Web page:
Sheriff’ Wellington’s ending of video process disputed
"IT’S A DISPUTE BETWEEN THE SHERIFF AND THE COMMISSIONERS, AND [THE CITY IS] BEING USED AS A PAWN.” --Charles Sammarone, Youngstown mayor
By David Skolnick
City officials and the Mahoning County board of commissioners’ chairman don’t see how the sheriff’s decision to cancel video arraignments at the county jail saves money.
And some question Sheriff Randall Wellington’s motivation.
“It’s my understanding that it’s not a money issue,” said Youngstown Mayor Charles Sammarone. “It’s a dispute between the sheriff and the commissioners, and [the city is] being used as a pawn.”
“It seems like someone’s trying to use us as leverage,” said Councilman Nate Pinkard, D-3rd, a retired Mill Creek Park police chief and chairman of council’s safety committee.
Wellington wrote in a Jan. 12 letter to the city’s three municipal-court judges that the commissioners’ decision to cut his 2012 budget by 3 percent means he was forced to “re-evaluate the nonmandated functions that our department has been providing.”
In the letter, Wellington wrote that video arraignments of inmates from the jail to the city’s municipal court will end Feb. 6.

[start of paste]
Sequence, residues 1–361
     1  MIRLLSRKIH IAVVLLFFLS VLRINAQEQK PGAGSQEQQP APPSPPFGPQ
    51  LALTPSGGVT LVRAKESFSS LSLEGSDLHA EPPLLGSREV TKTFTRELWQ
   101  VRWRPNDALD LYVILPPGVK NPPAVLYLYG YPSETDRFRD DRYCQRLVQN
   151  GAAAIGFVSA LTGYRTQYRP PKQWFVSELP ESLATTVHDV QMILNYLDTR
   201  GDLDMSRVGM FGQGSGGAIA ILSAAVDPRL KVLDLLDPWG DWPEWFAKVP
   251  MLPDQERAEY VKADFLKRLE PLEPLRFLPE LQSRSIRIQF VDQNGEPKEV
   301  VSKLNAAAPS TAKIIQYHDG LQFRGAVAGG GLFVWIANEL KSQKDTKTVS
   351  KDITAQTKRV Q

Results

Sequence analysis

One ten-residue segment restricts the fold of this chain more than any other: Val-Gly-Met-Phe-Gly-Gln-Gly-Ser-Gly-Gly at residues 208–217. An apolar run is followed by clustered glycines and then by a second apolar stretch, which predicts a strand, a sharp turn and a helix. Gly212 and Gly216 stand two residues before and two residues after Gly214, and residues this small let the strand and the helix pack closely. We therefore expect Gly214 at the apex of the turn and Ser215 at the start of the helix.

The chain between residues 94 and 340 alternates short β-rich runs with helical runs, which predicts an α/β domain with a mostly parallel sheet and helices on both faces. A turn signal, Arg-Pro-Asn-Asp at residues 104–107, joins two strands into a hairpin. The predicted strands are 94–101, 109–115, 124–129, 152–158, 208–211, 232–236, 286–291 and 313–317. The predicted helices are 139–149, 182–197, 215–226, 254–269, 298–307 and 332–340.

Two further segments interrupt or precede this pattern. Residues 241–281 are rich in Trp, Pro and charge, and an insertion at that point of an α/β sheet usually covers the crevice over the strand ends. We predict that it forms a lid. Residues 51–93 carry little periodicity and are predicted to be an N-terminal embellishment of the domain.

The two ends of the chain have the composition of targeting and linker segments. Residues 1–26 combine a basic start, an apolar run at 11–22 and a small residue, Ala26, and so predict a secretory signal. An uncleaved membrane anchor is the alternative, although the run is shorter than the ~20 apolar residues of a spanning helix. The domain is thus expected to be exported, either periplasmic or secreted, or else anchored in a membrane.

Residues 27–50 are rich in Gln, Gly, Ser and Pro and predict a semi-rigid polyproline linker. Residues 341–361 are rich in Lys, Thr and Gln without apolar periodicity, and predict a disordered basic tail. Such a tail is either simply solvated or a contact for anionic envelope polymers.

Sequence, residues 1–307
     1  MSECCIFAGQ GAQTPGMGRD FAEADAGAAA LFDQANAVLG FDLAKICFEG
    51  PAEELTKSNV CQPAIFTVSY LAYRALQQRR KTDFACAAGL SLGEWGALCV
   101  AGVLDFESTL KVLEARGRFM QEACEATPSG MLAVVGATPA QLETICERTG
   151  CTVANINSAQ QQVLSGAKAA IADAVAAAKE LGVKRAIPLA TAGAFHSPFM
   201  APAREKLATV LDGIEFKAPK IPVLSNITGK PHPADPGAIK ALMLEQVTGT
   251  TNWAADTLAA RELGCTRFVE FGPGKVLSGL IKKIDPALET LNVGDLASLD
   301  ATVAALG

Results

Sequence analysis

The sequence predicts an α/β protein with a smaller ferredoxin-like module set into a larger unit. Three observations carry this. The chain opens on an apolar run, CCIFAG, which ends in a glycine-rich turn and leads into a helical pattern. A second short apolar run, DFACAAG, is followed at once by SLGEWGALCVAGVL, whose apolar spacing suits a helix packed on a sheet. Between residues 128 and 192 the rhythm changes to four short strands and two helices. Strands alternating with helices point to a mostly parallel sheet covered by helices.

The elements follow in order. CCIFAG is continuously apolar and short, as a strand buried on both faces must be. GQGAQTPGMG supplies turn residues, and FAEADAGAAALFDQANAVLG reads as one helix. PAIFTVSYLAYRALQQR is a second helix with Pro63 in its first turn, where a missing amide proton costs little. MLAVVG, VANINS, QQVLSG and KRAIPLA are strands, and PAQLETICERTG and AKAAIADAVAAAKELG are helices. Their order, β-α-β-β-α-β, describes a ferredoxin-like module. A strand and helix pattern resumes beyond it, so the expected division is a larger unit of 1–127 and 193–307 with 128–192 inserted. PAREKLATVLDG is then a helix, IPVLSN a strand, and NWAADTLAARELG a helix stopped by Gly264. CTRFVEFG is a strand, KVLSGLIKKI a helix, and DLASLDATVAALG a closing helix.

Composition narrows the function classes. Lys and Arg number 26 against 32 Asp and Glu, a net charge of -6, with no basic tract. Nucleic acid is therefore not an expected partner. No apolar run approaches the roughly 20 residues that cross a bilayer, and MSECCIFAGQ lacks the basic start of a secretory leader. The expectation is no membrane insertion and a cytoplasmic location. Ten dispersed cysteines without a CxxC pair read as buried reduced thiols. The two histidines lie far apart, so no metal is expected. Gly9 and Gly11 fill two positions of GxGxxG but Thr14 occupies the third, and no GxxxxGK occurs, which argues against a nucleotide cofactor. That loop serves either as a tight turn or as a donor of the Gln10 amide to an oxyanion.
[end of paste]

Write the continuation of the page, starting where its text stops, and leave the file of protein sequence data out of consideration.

“I have no choice but to redirect the deputies that supported that function to other required tasks within jail operations,” he wrote.
Wellington couldn’t be reached late Wednesday by The Vindicator to comment on his decision.
Sammarone and other city officials as well as county Commissioner John McNally IV, a former Youngstown law director, say eliminating video arraignments won’t save money for the sheriff’s department.
The commissioner added: “I don’t see the commissioners increasing an allocation to the sheriff’s department through stunts like this.”
Agreeing with Sammarone, McNally said, “I certainly see the city used as a pawn here.”
The commissioners will meet at 1 p.m. today with city officials and Wellington to discuss the sheriff’s decision. Council’s safety committee is to meet at 5 p.m. today to talk about this further.
If video arraignments are eliminated, deputies still would have to be at the jail to turn over prisoners to Youngstown police officers and be there when the prisoners are returned after being arraigned, city officials and McNally said.
Youngstown police officers, two at a time, would have to spend time picking up and returning those prisoners to the jail rather than being on patrol or doing other police work, said Sammarone and Youngstown Police Chief Rod Foley.
“I can’t see where the savings is coming from,” Sammarone said.
“It doesn’t seem efficient to get rid of video arraignments and go back to the old-school way of arraigning prisoners,” said Councilman Paul Drennen, D-5th.
Foley said his “biggest concern is safety. It’s unnecessary to do this. It’s an unnecessary risk” to transport prisoners to municipal court compared to video arraignments at the jail.